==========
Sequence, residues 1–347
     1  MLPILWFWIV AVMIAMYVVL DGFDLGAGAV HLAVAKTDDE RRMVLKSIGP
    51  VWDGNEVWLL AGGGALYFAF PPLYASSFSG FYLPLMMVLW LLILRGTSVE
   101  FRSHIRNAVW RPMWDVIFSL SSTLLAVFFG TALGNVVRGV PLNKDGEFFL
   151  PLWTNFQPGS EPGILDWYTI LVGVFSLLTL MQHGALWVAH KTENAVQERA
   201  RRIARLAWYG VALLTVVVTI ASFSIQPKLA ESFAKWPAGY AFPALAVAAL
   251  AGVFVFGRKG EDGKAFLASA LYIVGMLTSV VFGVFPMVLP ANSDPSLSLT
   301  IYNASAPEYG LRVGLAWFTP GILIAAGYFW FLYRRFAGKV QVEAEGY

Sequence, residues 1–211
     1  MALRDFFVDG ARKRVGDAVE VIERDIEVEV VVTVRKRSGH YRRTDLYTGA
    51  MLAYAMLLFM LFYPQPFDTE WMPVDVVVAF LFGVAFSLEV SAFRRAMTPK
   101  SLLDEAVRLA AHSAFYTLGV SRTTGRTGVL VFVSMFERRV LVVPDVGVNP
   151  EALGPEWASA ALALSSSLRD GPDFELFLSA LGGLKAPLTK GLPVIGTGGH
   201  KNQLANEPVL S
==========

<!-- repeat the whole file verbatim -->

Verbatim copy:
Sequence, residues 1–347
     1  MLPILWFWIV AVMIAMYVVL DGFDLGAGAV HLAVAKTDDE RRMVLKSIGP
    51  VWDGNEVWLL AGGGALYFAF PPLYASSFSG FYLPLMMVLW LLILRGTSVE
   101  FRSHIRNAVW RPMWDVIFSL SSTLLAVFFG TALGNVVRGV PLNKDGEFFL
   151  PLWTNFQPGS EPGILDWYTI LVGVFSLLTL MQHGALWVAH KTENAVQERA
   201  RRIARLAWYG VALLTVVVTI ASFSIQPKLA ESFAKWPAGY AFPALAVAAL
   251  AGVFVFGRKG EDGKAFLASA LYIVGMLTSV VFGVFPMVLP ANSDPSLSLT
   301  IYNASAPEYG LRVGLAWFTP GILIAAGYFW FLYRRFAGKV QVEAEGY

Sequence, residues 1–211
     1  MALRDFFVDG ARKRVGDAVE VIERDIEVEV VVTVRKRSGH YRRTDLYTGA
    51  MLAYAMLLFM LFYPQPFDTE WMPVDVVVAF LFGVAFSLEV SAFRRAMTPK
   101  SLLDEAVRLA AHSAFYTLGV SRTTGRTGVL VFVSMFERRV LVVPDVGVNP
   151  EALGPEWASA ALALSSSLRD GPDFELFLSA LGGLKAPLTK GLPVIGTGGH
   201  KNQLANEPVL S